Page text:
Play Review: Murder On the Orient Express
Performance & Theatre
Murder on the Orient Express
Pioneer Theatre Company
Sept. 22—Oct. 7, 2023
Pioneer Theatre Company’s (PTC) Murder on the Orient Express stands as the biggest, most colorful ensemble of characters the theatre has put on to date and is another example of the company’s masterful set design. A light fog drifts down slowly from the rafters, shrouding the stage in mystery., which I found fitting. Adapted to the stage by Ken Ludwig from Agatha Christie’s 1934 novel and directed by Melissa Rain Anderson, Murder on the Orient Express is a hilarious and tender production.
The curtains rise and greeting the audience is the charming Belgian detective Hercule Poirot (John Tufts), narrating the drama of the most high-profile case he’s had in his career. Tufts’ performance is demanding and captivating from the beginning. Act I begins in a small cafe, awaiting the Orient Express train. Monsieur Bouc, Poirot’s longtime friend (Edward Juvier), convinces him to take his cabin in first class. After some short introductions to the lovers, Mary and Samuel (Andrea Morales and Robert Scott Smith), we’re brought to the train station. The cafe backdrop rises and the tables are taken away to reveal two fully moveable, open-side train cars of the Orient Express. I was blown away at the ingenuity and cleverness the set design displayed.
The cast’s performances are too entertaining and rich to fully describe in a single SLUG feature. The audience’s first encounter with the train presents all the varied personalities that will be the center of conflict in the show. Poirot seems to find this eccentric cast suspicious as well, putting us in the detective’s shoes. Michel the Conductor (Alec Ruiz) stands at the platform, waiting to welcome the other guests of the train, seeming like the only truly normal one in attendance! He welcomes Princess Dragomiroff (Bonnie Black) and missionary Greta Ohlsson (Amy Bodnar), who are traveling together purely on the Princess’s wishes. Countess Andrenyi (Gisela Chípe) presents herself as flirtatious and independent, and Poirot seems to be attracted to this. Helen Hubbard (Anne Tolpegin), hailing from Minnesota, brought hilarity and unabashed feminine confidence which was delivered artfully through Tolpegin. Hector MacQueen (Matthew McGloin) and Colonel Arbuthnot (Smith) are the last passengers to board the first class cabin. Smith exhibits his adaptability in bringing two characters to life seamlessly.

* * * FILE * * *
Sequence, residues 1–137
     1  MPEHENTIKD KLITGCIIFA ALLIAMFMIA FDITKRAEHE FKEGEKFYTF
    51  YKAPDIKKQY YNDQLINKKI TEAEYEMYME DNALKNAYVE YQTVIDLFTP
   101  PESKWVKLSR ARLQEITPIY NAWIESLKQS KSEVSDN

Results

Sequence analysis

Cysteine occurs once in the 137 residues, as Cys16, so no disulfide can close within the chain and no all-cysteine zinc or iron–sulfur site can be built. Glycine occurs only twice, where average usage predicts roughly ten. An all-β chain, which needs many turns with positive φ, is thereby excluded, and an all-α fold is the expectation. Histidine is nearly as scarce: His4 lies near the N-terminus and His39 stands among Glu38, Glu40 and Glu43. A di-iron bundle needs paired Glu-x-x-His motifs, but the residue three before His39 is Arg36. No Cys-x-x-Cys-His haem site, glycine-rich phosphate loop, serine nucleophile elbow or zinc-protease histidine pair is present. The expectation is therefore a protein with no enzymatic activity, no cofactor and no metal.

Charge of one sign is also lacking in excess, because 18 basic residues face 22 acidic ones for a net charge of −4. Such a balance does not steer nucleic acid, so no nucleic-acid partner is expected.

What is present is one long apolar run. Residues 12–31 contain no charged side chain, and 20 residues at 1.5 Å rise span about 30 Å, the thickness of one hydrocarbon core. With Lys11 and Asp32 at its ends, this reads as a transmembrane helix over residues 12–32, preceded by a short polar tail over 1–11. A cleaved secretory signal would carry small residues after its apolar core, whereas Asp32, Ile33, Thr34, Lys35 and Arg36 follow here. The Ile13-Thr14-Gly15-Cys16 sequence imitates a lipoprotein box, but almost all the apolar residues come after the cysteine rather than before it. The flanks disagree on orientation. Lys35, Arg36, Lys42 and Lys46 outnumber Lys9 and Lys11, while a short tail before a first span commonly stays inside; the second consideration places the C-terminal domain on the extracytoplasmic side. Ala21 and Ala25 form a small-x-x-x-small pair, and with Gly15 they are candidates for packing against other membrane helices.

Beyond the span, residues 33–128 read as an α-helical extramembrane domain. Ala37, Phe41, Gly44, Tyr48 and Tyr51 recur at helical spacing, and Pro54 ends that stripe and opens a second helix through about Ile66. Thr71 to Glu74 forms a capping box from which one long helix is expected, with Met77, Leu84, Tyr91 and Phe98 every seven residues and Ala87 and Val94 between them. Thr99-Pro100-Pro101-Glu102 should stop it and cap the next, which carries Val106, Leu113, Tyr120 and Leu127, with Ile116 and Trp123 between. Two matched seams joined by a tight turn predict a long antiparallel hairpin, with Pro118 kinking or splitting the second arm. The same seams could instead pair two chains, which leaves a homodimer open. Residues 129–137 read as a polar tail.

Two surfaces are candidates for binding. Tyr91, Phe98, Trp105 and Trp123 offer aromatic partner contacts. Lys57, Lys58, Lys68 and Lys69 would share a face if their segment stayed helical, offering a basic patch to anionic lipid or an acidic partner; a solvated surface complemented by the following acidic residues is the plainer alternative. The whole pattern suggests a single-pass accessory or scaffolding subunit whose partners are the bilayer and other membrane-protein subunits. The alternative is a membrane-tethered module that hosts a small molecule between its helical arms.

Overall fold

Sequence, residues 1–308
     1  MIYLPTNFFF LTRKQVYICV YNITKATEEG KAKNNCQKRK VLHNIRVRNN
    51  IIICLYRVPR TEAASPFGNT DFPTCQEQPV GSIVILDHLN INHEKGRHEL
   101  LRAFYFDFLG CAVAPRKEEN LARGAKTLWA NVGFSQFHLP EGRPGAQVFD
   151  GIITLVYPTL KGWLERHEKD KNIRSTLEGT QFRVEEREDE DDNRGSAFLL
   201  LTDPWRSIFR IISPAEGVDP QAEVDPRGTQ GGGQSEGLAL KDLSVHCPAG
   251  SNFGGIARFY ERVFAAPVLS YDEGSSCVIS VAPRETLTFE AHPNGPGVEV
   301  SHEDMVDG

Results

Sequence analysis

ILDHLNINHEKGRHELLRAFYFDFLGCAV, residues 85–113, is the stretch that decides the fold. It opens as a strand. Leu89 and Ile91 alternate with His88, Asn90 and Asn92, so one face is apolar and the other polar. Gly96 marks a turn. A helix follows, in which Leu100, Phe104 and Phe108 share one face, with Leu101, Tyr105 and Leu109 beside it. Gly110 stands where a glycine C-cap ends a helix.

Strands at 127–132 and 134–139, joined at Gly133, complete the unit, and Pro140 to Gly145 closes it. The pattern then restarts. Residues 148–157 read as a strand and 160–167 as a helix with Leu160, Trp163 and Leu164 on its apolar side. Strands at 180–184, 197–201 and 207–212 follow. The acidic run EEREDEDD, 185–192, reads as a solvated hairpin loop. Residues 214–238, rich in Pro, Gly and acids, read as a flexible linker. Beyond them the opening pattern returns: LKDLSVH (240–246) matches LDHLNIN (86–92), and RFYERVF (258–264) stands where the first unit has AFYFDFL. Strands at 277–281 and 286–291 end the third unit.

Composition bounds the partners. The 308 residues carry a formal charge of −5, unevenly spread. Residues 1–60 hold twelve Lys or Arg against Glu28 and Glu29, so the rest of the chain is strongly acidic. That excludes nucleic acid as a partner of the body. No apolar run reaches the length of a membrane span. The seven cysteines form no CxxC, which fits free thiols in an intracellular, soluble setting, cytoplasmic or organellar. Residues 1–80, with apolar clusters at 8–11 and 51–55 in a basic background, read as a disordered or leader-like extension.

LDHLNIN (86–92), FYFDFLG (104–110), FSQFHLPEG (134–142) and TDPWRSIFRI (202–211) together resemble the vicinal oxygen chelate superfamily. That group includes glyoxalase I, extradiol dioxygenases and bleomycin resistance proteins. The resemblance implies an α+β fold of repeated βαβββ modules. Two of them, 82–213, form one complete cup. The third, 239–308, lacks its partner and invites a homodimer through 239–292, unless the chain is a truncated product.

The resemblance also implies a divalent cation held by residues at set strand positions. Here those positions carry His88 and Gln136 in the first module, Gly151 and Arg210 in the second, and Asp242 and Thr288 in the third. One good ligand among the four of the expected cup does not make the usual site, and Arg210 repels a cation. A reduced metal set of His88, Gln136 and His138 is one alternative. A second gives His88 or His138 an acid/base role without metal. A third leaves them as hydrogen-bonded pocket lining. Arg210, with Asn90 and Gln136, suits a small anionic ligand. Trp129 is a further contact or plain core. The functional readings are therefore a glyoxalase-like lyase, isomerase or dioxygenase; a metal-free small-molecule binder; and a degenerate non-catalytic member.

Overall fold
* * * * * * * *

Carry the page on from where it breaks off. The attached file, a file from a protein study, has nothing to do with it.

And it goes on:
The initial set up of these characters provides context to how each person will react to the dramatic turn of events as Poirot described in the primer. The events that unravel on the train begin with the comedic dialogue that transpires from having a cast as large as this one. Their interactions carry scene to scene. From Helen Hubbard’s crassness to the do-gooder nature of Greta the missionary, each actor shines through in their own way. The death of a character leads them down a rabbit hole of lies and deceit, and it becomes apparent that more than one person is lying. But who? All these questions and more are answered by the end of act two, culminating into a final confrontation between Poirot and every passenger on the train.
During this segment in particular, one can see the efforts of the lighting and set design adding depth to the story. When Poirot is recounting events from earlier in the show, each character reenacts these small bits while draped in a haunting, purplish-blue light. The lighting, in addition to the effects, acts like beautiful, painted backdrops of white mountains with snow falling gently. Paired with the timeless acting and comedic but emotional writing, the set design elements shine through.
I was astounded at how funny, moving and entertaining Murder on the Orient Express was, and I consider this the perfect show for the approaching autumn season. –Brittnie Gallegos